It’s a battle cry of the beloved.
It is revolutionary.
My first personal retreat was the open gate that welcomed my heart back home to rest.[tweetthis remove_twitter_handles=”true”]My first personal retreat was the open gate that welcomed my heart back home to rest.[/tweetthis]
As a deeply ingrained workaholic, the power of personal retreat was eye opening and heart softening. Regular getaways with God have drastically and beautifully altered the course of my life. Retreat takes the best of all 4 biblical rhythms of rest (Sabbath, Stillness, Solitude and Sleep) and wraps them up in a few quiet hours off the beaten path.
But we resist.
We don’t have time.
Satan pulls out every lie, trick and detour. He is desperate to keep us from such treasure.
E. M. Bounds reminds us:
“A holy life does not live in the closet, but it cannot live without it.”
Yet, a commitment to personal retreat does not dwell in the recesses of our hearts or minds. We assign it to a place of insignificance. We see it as an activity for the spiritually elite, the recluse or those with too much time on their hands. We are unaware of its profound power to refuel and refresh those on the front lies.
Truth be told, “retreat” is a battle-cry for those longing to see the Kingdom of God advance, bringing light and hope to dark places and lonely hearts.
It begins with the darkness and heaviness of our own hearts.
There are three kinds of personal retreats: offensive, defensive and forced.
Jesus was the poster child for offensive retreats. Time away with his Father was planned, prioritized and routine. He recognized the importance of getting away off the beaten path and he was known to ‘head for the hills.’ Take a look at the book of Luke in the New Testament. Start with 5:15. Then visit 4:1, 14 & 42. Finish up with 6:12-13, 9:18, 11:1 and 22:39. Jesus was a man of retreat.
The story of John the Baptist’s beheading speaks to us of our need for defensive personal retreats. Matthew 14:13 tells us that when Jesus received the devastating news of his cousin’s death, he withdrew from the hubbub, taking a boat by himself to a solitary place. Although we don’t know what Jesus was feeling, I think it’s safe to make some guesses. Jesus’ heart was heavy. He was sad, angry, aching. He desired to get away. He needed focused time with his Father.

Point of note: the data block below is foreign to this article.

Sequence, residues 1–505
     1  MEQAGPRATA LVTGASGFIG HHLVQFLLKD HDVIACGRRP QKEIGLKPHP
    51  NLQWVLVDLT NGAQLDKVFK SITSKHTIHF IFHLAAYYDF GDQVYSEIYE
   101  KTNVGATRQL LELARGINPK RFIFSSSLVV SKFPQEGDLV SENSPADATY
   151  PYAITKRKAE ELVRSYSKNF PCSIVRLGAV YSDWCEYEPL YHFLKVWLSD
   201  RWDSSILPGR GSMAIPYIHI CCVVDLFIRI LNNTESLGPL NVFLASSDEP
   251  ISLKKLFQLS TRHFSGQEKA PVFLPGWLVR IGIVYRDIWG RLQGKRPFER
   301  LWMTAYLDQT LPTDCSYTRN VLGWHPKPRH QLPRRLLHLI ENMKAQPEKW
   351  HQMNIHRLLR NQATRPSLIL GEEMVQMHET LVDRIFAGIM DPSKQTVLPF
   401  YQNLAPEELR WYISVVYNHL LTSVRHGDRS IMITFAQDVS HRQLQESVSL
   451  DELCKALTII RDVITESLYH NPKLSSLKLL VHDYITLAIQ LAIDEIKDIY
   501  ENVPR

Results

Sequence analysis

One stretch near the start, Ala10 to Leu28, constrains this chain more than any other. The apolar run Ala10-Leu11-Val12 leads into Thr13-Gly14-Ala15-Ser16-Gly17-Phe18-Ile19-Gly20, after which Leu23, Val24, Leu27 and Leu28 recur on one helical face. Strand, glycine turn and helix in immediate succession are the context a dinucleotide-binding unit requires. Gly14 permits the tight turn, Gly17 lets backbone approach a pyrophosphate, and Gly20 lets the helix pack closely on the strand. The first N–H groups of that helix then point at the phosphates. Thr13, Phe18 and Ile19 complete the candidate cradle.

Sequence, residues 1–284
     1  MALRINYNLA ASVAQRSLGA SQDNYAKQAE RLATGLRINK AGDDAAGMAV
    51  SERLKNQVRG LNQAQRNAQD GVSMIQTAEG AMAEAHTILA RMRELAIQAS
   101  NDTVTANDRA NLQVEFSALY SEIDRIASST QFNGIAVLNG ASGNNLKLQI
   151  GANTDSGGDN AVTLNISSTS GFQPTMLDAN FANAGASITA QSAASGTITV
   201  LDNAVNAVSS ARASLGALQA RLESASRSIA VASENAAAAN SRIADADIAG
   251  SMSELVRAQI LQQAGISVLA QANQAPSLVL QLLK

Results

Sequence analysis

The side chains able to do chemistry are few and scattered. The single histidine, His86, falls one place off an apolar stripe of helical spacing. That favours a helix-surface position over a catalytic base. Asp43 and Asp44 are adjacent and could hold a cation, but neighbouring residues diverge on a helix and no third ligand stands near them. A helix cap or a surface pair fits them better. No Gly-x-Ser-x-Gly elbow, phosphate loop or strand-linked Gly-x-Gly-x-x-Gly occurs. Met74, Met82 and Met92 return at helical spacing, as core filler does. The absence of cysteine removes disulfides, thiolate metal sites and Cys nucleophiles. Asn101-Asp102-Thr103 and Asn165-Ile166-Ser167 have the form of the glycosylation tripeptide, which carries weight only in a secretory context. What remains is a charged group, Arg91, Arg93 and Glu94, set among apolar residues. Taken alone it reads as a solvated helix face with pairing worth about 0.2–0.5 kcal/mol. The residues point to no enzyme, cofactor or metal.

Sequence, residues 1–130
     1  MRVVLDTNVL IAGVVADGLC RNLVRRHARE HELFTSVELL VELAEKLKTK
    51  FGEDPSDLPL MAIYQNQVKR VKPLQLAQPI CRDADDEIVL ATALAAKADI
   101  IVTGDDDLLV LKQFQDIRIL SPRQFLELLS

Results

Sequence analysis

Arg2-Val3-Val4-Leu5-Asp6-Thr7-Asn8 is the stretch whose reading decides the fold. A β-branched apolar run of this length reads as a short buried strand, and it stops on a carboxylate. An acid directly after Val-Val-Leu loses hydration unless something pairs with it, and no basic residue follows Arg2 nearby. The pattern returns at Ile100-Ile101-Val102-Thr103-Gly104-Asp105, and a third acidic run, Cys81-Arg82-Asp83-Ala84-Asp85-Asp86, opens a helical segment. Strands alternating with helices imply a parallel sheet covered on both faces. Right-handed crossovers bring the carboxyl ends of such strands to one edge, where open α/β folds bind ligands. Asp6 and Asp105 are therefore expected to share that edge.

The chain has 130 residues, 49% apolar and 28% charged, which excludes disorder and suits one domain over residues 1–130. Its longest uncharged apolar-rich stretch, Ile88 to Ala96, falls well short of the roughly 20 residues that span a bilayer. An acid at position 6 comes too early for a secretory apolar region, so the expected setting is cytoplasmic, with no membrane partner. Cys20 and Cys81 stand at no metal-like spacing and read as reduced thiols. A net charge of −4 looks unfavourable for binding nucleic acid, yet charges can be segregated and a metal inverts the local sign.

Ever felt that way? Don’t resist to urge to pull away.
Jonah’s three-day stint in the belly of a large fish is probably one of the most unique personal retreats in the history of the world. I can’t quite imagine the stink and the slime he found there. There’s not too many travel brochures for that particular destination. Truth is – God likes to whisper, but if he can’t get our attention he’s been known to throw a brick. I’ll take a whisper over a brick any day, but forced personal retreats are good at grabbing our attention.
He’s grabbed mine.
Will you choose an offensive retreat this summer?
Get your red pen. Pick a day. Pick a half a day. Pick two hours.
Write it in blood.
Stay tuned as we’ll cover the basic “how to’s” of retreating.
Be ready for some surprises.
When was your last retreat?
Is This Your First Time Here?
Welcome! We’re a group that gathers around the theme, “There has to be a better way.” We’re finding it in the 4-word mission statement, “Run hard. Rest well.”
- It’s a journey into the heart of God. It comes our way through an on-going exploration of four biblical rhythms that revive, replenish and restore: Sabbath Keeping, Sleep (and other simple stress-reducers), Stillness—personal retreat, and Solitude—personal retreat.
- It’s an expedition that challenges us at every turn. It convicts us in deep, tender places. It alters our priorities and plans. It’s not for the faint of heart.
- It’s adventure at its best – as we learn to run the race in a power not our own.